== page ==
BORTH, WALES — There is a poem children in Wales learn about the sunken kingdom of Cantre’r Gwaelod, swallowed by the sea and drowned forever after. On a quiet night, legend has it, one can hear the kingdom’s church bells ringing.
When the sea swallowed part of Britain’s western coastline this year and then spat it out again, leaving homes and livelihoods destroyed but also a dense forest of prehistoric tree stumps more exposed than ever, it was as if one had caught a faint glimpse of that Welsh Atlantis.
The submerged forest of Borth is not new. First flooded some 5,000 years ago by rising sea levels after the last ice age, it has been there as long as locals remember, coming and going with the tides and occasionally disappearing under the sand for years on end. But the floods and storms that battered Britain earlier this year radically changed the way archaeologists interpret the landscape: A quarter-mile-long saltwater channel cutting through the trees, revealed by erosion for the first time, provided a trove of clues to where human life may have been concentrated and where its traces may yet be found.
“We used to think of this as just as an impenetrable forest — actually this was a complex human environment,” said Martin Bates, a geoarchaeologist at the University of Wales Trinity St. David, who oversees the excavation work in Borth on a beach he played on as a toddler. “The floods have opened our eyes as to what’s really out there.”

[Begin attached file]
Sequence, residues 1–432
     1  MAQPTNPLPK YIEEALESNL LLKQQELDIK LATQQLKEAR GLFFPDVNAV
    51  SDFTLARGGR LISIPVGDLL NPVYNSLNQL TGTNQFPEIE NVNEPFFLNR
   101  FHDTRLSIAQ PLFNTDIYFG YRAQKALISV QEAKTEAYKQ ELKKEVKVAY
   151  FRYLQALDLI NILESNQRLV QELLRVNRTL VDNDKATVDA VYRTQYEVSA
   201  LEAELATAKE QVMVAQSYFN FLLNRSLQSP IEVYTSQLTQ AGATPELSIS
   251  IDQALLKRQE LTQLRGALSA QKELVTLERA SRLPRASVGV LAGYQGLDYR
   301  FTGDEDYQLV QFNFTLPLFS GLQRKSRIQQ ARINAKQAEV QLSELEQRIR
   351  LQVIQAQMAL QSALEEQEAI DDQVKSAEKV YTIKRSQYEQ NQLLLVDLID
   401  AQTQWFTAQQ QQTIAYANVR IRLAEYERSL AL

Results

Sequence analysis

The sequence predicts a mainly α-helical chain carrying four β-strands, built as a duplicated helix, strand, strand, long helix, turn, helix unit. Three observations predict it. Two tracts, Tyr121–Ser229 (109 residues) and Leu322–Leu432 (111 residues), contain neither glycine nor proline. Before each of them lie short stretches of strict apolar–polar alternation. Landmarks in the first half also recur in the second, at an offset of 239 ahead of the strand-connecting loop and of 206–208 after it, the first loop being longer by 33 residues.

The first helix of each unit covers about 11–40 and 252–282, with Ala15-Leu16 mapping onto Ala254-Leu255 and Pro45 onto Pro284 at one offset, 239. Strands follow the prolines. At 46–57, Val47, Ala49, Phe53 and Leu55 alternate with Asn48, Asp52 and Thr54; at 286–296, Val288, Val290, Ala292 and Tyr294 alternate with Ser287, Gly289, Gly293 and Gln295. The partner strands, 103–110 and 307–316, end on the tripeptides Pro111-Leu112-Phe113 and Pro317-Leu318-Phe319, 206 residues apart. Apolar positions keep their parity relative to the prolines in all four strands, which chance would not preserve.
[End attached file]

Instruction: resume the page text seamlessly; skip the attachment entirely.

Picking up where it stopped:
Scanning the army of ghostly spikes protruding from the sand here one recent morning, Dr. Bates said it was as if nature were making a point: The recent torrential rains, linked by a growing number of climatologists to human-induced climate change, have provided an ancient laboratory to study how humans coped with catastrophic climate change in the past.
Indeed, across Britain, two consecutive years of exceptional winter weather have left in their wake some equally exceptional discoveries: from unexploded wartime bombs and Victorian shipwrecks to archaeological finds that are nearly a million years old. Scientists have barely kept up. Last winter was the wettest on record, according to the Met Office, the national weather service.
Dog walkers and amateur archaeologists are being sought in ever-greater numbers to help record new sites. In some areas hit especially hard by erosion, locals are equipped with cameras that log digital images with geocoordinates so the artifacts they find on beach walks can be added to national databases.
“Archaeologists can’t be everywhere, but locals can,” said Erin Kavanagh, Dr. Bates’s partner and a fellow archaeologist.
Nicholas Ashton, the curator of Paleolithic and Mesolithic collections at the British Museum, has been organizing “fossil road shows” in which he invites civilians to bring in any potential archaeological finds and have them identified. (One man recently showed up with a six-inch-long hippo tusk and a well-preserved ax, both found locally and both more than half a million years old.)
Having those extra eyes on the ground can make all the difference in coastal areas, Dr. Ashton said, for what the sea reveals, it tends to reclaim almost as soon. He learned this lesson firsthand.